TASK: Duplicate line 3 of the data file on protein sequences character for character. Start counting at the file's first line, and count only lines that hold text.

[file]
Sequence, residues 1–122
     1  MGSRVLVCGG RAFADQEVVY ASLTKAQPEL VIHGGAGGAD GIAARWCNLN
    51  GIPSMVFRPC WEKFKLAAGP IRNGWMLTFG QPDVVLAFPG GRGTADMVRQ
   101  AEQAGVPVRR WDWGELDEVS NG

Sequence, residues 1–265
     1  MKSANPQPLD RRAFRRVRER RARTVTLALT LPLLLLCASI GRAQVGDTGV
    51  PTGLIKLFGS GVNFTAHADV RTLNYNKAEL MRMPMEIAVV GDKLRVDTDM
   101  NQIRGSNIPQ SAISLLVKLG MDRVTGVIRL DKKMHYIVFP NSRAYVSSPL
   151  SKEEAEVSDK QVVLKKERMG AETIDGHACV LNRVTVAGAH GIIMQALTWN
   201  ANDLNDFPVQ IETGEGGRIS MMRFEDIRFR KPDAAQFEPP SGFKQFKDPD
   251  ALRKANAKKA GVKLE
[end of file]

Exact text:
    51  GIPSMVFRPC WEKFKLAAGP IRNGWMLTFG QPDVVLAFPG GRGTADMVRQ